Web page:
The Jewish teacher in Egypt, in the first century B.C., who composed the book of Wisdom (probably in Alexandria) offered an alternative schooling to that provided by the Greek philosophers. His Jewish students should have a religious outlook on life, aware of God’s presence within oneself and open to a God-filled universe. His advice is interwoven with a sense of God’s presence in all things. Nothing is too small, no question too trifling, no challenge too large nor any problem too complex, for the influence of God not to be near, helping us to find our way.
Today’s gospel broaches a problem that often bothers people who are high-minded, trustful and idealistic: how to cope with the faults of others. In our multicultural society, where conflicting moral standards are accepted in civil law, we need to be more tolerant of flamboyant lifestyles. But Jesus defends moral innocence and warns his disciples against giving scandal. On the other hand, idealists often find it hard to forgive. Because a sense of morality seems obvious to them, they cannot empathise with the addictions of others. If religious people seem too prissy to accept the good intentions of the secular world, it may scandalise people outside the church. Our quest for holiness must be balanced by trust that God is also guiding the lives of others.
If you can’t help, at least don’t hinder! Jesus warns against scandal, which means putting an obstacle (skandalon) to trip someone else; leading them astray, away from the Lord. Its opposite is encouraging others, being near them as they try to grow to their full maturity. We can do that in various ways. Some become faith-friends or prayer-friends to children preparing for the sacraments, to support their search for God. If children know that adults are praying for them, it helps them appreciate their friendship with Jesus and his friendship with them.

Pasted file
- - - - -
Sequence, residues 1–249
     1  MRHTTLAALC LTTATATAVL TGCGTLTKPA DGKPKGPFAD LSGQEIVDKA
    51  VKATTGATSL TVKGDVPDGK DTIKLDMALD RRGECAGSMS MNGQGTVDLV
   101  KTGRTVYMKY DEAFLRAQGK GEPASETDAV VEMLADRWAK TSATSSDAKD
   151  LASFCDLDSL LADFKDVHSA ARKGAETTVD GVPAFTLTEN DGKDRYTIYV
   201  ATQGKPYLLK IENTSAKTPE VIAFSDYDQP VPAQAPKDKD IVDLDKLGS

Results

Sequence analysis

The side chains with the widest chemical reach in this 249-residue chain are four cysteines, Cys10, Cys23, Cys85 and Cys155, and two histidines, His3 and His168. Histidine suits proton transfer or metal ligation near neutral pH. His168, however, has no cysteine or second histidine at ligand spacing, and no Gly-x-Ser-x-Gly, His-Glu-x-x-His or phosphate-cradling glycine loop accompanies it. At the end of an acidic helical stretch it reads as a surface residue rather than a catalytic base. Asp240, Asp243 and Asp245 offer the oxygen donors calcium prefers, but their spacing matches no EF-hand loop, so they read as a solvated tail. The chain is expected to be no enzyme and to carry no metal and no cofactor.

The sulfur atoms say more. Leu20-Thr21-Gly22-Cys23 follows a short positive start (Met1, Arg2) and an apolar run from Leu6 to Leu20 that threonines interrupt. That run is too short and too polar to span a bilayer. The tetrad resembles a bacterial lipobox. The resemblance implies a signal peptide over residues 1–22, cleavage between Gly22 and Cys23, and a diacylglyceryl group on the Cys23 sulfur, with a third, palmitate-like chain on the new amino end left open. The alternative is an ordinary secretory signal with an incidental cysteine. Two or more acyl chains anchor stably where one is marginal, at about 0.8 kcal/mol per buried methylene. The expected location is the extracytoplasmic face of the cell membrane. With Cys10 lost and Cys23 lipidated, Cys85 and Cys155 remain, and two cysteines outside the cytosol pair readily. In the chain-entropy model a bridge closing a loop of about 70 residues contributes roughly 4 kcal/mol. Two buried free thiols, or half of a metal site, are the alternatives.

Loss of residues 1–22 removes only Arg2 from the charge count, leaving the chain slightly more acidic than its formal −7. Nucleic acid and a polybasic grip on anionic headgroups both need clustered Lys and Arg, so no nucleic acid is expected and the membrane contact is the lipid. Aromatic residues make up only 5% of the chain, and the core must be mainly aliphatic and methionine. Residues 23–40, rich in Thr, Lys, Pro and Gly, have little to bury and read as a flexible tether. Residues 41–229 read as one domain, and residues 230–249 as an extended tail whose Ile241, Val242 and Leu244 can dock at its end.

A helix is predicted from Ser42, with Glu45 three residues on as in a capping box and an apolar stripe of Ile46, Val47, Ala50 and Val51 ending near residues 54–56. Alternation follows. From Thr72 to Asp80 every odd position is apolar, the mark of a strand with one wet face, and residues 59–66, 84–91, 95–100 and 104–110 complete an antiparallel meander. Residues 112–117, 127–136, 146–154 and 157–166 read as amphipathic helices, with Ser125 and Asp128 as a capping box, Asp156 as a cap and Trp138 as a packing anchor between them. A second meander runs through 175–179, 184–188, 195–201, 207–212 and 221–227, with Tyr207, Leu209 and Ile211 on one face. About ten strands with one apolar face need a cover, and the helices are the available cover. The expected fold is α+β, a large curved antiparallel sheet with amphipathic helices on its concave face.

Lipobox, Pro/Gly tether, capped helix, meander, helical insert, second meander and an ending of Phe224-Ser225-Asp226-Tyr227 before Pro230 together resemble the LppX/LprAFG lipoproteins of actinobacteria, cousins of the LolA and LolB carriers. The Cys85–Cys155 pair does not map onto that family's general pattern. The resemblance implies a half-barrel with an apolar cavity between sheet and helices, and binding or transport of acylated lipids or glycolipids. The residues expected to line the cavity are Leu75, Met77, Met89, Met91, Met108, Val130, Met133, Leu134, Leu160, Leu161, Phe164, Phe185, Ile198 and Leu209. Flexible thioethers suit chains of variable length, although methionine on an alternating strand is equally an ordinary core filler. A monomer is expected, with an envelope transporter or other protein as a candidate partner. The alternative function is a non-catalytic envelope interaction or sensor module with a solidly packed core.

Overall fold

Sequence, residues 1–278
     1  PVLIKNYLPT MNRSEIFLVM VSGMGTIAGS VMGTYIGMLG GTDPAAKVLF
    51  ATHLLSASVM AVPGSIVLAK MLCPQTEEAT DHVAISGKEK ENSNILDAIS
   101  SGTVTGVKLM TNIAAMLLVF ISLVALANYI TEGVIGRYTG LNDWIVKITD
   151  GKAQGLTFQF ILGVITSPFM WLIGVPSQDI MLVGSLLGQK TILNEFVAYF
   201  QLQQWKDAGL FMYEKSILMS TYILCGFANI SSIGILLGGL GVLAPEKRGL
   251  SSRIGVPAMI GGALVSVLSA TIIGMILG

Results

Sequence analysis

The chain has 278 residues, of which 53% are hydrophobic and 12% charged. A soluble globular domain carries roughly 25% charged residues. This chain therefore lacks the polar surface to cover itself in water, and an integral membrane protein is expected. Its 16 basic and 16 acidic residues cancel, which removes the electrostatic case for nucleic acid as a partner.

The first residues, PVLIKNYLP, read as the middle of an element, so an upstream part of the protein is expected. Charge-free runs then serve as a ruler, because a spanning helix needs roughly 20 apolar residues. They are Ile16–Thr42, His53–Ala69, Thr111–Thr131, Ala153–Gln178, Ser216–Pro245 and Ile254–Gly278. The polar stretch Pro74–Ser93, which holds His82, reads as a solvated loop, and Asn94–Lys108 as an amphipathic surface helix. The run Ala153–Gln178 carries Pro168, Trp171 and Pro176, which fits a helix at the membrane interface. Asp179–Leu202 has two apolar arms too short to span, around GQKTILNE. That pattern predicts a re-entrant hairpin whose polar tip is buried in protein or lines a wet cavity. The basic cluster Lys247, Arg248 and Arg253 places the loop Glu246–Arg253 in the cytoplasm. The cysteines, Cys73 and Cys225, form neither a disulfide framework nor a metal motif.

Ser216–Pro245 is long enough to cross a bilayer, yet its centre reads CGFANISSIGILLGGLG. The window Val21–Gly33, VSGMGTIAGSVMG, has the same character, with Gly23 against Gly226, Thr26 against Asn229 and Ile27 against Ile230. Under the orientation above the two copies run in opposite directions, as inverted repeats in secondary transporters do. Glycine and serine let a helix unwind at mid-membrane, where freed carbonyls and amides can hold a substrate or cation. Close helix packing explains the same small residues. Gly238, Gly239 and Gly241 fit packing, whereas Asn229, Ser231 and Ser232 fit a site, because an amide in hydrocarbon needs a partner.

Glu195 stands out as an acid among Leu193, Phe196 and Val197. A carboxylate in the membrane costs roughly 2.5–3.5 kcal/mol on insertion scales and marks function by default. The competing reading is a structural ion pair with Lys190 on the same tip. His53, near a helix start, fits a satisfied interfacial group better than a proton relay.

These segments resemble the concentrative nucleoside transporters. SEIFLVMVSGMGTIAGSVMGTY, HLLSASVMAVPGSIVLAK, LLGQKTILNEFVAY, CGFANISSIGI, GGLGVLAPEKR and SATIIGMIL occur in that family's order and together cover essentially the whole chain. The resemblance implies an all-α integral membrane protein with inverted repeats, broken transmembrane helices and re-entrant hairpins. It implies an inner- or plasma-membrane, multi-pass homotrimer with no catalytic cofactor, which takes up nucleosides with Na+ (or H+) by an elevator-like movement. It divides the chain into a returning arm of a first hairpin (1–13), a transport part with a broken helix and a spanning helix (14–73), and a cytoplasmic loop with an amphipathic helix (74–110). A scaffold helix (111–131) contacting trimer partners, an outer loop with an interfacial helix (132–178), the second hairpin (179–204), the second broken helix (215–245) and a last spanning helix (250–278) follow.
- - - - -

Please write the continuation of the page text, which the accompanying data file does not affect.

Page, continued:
In a fine example of faith friendship, Luke presents Mary and Elizabeth as mutually supportive in prayer. Each helped the other to put her full trust in God. Elizabeth’s joyful praise of the special grace given to Mary inspired the wonderful Magnificat, a hymn to God’s mercy.
Maybe we feel that our own faith is not strong enough to be a spiritual support to others, like that. Like the apostles we need to pray, “Lord, increase our faith.” In response to that prayer, Jesus assures us that even a little faith can work wonders, even a small mustard-seed of faith can help develope the faith of others.


Saint Martin of Tours, bishop

Martin (316-397) was born in Pannonia (now Hungary), where his father was a cavalry officer in the Roman army. When Martin was conscripted he too joined the cavalry, but finding that army life conflicted with his faith he made his way to France, where his fellow Christians elected him bishop of Tours. Legen has him cutting his cloak in two, to give half to a beggar who was in rags in the depth of winter. Because of his many miracles recorded by Sulpicius Severus, throughout the middle ages Martin’s shrine in Tours was a pilgrims stopping-point en route for Compostela in Spain.